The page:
Increasing tree cover while losing diverse natural forests in tropical Hainan, China uri icon

abstract

  • To protect biodiversity and improve environmental conditions, China has invested billions of dollars in reforestation and payments for ecosystem service programs. Here, we examine the Sloping Land Conversion Program, the largest such programin the world and found that after 13 years of implementation at our study site, it has had negative impacts on natural tropical forests. GIS and remote sensing techniques revealed that both natural forests and natural shrub and grasslands were replaced by non-native monocultural plantations on Hainan Island, China, a key tropical biodiversity hotspot. Under current Chinese policy, these plantations are classified simply as 'forests', with the assumption that they are equivalent to natural forests. This lack of a distinction in forest quality has led to substantial deforestation and plantation expansion, including encroachment into protected areas on Hainan. Additional social and economic drivers of these changes were identified by examining the participants in this program and their actions. Without a new ecologically based definition of forests and new goals for reforestation, such programs designed to improve ecosystem services, and forest quality may actually threaten remaining natural forests and other vegetation types in Hainan and in other areas of mainland China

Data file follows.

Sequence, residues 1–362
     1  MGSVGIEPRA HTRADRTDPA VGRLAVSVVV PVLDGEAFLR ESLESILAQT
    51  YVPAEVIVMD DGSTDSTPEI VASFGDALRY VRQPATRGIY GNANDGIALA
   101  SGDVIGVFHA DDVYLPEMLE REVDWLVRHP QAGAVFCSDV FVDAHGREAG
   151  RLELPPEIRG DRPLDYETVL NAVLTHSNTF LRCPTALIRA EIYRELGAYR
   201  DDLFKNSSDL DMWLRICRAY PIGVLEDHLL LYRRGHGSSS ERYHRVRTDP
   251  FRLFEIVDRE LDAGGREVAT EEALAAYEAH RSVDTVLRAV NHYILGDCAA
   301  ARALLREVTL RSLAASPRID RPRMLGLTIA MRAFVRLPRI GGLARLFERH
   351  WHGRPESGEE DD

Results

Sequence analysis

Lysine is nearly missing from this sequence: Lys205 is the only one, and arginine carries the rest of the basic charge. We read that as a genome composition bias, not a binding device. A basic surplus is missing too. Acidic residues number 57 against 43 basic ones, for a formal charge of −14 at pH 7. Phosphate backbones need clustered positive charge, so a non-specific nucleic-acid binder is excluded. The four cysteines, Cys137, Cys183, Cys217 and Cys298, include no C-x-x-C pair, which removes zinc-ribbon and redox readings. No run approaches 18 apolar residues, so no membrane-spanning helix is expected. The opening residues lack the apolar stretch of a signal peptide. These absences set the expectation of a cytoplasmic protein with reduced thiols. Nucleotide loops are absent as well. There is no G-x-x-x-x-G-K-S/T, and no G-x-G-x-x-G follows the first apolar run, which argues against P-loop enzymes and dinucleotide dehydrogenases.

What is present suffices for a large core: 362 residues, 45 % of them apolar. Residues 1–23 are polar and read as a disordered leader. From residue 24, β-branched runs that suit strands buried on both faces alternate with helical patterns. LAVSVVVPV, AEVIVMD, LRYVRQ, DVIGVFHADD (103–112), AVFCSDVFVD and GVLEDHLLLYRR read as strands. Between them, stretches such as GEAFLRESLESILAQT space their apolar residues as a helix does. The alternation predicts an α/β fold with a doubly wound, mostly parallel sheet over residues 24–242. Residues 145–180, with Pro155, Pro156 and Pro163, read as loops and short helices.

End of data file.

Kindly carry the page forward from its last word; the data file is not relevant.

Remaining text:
publication date

  • 2014
  • 2014